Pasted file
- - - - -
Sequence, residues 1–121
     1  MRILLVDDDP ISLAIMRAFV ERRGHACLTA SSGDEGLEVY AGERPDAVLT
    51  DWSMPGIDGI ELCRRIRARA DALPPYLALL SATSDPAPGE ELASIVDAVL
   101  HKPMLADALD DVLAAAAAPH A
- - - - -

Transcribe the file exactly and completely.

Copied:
Sequence, residues 1–121
     1  MRILLVDDDP ISLAIMRAFV ERRGHACLTA SSGDEGLEVY AGERPDAVLT
    51  DWSMPGIDGI ELCRRIRARA DALPPYLALL SATSDPAPGE ELASIVDAVL
   101  HKPMLADALD DVLAAAAAPH A